Ilyas says that grams-to-milliliters are a one-to-one conversion, so you’ll want to apply 1 to 2 grams of sunscreen to your face.
That said, she says using this method can be a little tricky.
“You’re basing [it] on the weight of the product you’re using, whether it’s liquid, spray-on, or a lotion or cream, and they can have different weights,” she says.
You might not carry a syringe or measuring spoon in your beach bag, but you can gauge the amount of sunscreen you’re applying to your face by using your hands.
“The fingertip unit is the unit we use as our unit of measurement,” Ilyas explains. “That’s when you look at the first crease in your fingertip right down to the fingertip. That’s generally two pea-size amounts and… the amount of product you need for your face.”
By shot glass
A shot glass is a great tool for measuring sunscreen for your whole body.
When it comes time to apply to the face, you won’t need as much. For your face, Ilyas says you’ll want to use enough sunscreen to fill the bottom of your shot glass.
Put your loose change to good use.
“A nickel is a better unit of measurement than a quarter,” Ilyas says. “Put a nickel-size dollop on your face.”
By SPF rating
Bailey suggests choosing a broad-spectrum sunscreen with at least SPF 30.
“With less than that, in an SPF 15, you’re blocking about 93 percent of the UVB,” she says. “At SPF 30, you’re blocking 97 percent, and at SPF 50, you’re blocking 98 percent. When you get up to 30, you’re pretty much there.”
But can you layer on double the amount of SPF 15 and call it an SPF 30? It’s a question Ilyas has gotten more than once.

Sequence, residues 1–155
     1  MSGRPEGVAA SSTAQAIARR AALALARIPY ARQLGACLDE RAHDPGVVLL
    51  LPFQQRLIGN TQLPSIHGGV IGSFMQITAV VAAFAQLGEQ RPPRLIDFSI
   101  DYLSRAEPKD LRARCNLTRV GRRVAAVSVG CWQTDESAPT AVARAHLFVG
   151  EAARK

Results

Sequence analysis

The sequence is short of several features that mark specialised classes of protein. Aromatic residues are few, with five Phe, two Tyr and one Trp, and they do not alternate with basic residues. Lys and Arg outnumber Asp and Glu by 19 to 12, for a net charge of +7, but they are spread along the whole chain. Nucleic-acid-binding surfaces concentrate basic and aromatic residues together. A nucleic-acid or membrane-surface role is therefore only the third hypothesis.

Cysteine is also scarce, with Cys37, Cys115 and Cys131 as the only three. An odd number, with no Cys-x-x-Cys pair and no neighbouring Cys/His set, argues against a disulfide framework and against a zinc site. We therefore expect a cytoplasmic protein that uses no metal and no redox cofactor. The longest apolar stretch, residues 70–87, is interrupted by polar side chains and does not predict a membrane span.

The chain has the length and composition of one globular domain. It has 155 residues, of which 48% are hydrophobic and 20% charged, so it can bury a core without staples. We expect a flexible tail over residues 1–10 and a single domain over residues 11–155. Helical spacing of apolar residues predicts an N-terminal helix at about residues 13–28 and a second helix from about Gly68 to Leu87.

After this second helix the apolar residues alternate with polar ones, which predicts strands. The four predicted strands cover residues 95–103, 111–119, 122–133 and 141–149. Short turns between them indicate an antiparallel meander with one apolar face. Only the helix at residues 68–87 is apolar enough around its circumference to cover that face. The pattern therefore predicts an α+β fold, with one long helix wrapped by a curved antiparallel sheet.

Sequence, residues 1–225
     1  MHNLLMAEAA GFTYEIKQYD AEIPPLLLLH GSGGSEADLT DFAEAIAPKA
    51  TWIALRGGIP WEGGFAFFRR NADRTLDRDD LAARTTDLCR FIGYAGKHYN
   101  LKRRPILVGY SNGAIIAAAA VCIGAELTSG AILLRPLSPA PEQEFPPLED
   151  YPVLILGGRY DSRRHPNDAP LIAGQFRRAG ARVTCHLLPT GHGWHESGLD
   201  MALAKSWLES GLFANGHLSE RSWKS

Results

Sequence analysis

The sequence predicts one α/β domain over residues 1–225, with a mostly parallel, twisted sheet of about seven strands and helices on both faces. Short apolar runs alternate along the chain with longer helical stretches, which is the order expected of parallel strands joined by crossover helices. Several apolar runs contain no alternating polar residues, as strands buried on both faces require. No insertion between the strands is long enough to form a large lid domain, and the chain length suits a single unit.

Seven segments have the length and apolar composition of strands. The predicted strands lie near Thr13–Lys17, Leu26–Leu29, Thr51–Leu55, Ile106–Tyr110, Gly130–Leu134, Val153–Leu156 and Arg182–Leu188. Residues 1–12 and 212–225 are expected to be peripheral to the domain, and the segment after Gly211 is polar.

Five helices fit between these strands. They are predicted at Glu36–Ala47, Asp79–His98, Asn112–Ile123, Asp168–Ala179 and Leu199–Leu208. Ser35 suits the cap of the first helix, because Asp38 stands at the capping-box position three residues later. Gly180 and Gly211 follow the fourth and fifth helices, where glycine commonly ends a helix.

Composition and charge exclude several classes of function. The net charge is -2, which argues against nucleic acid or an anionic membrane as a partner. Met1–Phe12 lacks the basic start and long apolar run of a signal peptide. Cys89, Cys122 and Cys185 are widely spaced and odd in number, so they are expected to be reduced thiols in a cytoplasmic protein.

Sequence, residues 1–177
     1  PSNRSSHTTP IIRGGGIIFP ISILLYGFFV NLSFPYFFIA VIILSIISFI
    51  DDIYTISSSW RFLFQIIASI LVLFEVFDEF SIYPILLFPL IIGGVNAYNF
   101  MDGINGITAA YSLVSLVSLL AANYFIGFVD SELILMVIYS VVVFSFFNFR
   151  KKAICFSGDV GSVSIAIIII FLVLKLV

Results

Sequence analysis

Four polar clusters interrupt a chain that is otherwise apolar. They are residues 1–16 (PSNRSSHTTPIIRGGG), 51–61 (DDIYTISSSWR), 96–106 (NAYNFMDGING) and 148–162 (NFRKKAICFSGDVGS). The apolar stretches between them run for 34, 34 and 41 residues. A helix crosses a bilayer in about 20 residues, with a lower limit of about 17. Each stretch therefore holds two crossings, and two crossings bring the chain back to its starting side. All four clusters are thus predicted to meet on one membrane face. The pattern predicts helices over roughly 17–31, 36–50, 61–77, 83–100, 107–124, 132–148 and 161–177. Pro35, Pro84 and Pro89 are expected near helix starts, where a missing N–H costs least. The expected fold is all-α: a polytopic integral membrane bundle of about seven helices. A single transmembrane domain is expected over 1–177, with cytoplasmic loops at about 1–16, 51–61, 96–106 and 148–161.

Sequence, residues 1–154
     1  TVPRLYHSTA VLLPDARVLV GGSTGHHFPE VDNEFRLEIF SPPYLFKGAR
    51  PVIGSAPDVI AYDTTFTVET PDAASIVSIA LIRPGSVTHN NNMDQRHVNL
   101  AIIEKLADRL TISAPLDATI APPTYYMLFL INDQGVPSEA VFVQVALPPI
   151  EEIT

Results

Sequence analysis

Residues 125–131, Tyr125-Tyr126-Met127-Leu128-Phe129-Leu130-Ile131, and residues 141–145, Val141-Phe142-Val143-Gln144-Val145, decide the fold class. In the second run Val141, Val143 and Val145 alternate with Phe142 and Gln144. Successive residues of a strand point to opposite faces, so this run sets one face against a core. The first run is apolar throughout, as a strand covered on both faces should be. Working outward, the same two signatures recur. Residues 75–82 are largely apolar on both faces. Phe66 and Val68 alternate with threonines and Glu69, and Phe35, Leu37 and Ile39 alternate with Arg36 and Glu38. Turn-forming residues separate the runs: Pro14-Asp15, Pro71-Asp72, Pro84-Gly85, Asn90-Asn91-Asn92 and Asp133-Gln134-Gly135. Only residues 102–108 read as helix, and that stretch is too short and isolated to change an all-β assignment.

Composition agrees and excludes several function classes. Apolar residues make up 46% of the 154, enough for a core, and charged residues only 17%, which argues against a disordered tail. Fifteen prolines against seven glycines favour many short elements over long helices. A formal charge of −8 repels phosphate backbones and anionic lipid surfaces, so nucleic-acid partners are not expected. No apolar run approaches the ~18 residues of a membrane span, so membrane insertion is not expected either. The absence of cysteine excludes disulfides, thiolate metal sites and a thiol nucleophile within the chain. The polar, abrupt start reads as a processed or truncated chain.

“We can’t really judge it like that,” she says. “You might not apply one as evenly. You can’t guarantee the coverage [adds up to SPF 30].”
She says your best bet is to stick with at least an SPF 30 sunscreen and apply the .04 ounces to your face using whatever tool or visualization works for you.
Consider anything else, like SPF makeup or tinted moisturizer, a bonus.
The way you apply sunscreen can ensure you receive maximum coverage. Bailey and Ilyas agree this is the best way to put sunscreen on your face:
- Apply your skin care products.
- Apply your sunscreen.
- Apply your makeup, if desired.
Run through your skin care routine
Though applying sunscreen to your face is an essential part of your skin care routine, there are a few other products you’ll want to put on first.
“All the other things have to get through your skin. The sunscreen really needs to get on the very outside of your skin. You don’t want the sun to get past that.”
This method is Ilyas’s preferred method of sunscreen application.
“I favor this method because I think it gives nice, even coverage throughout,” she says.
To apply, it’s exactly what it sounds like.
“You take the sunscreen and pour it on the palm of your hand,” Ilyas says. “You take the other fingertip and dip and dot it onto your face, onto your cheeks, forehead and chin and rub it in.”
Don’t forget these areas
According to Ilyas, there are some areas people often forget, and they can become susceptible to sunspots and cancerous cells. Don’t forget your:
- area behind your ears
Finally, apply makeup
Bailey says it’s best to apply any makeup last to avoid smearing, which can make people hesitant to wear sunscreen. She says many mineral makeup products have SPF that can help fight sun damage.
“You can’t quantify it, but the mineral particles bounce off UV rays,” Bailey says.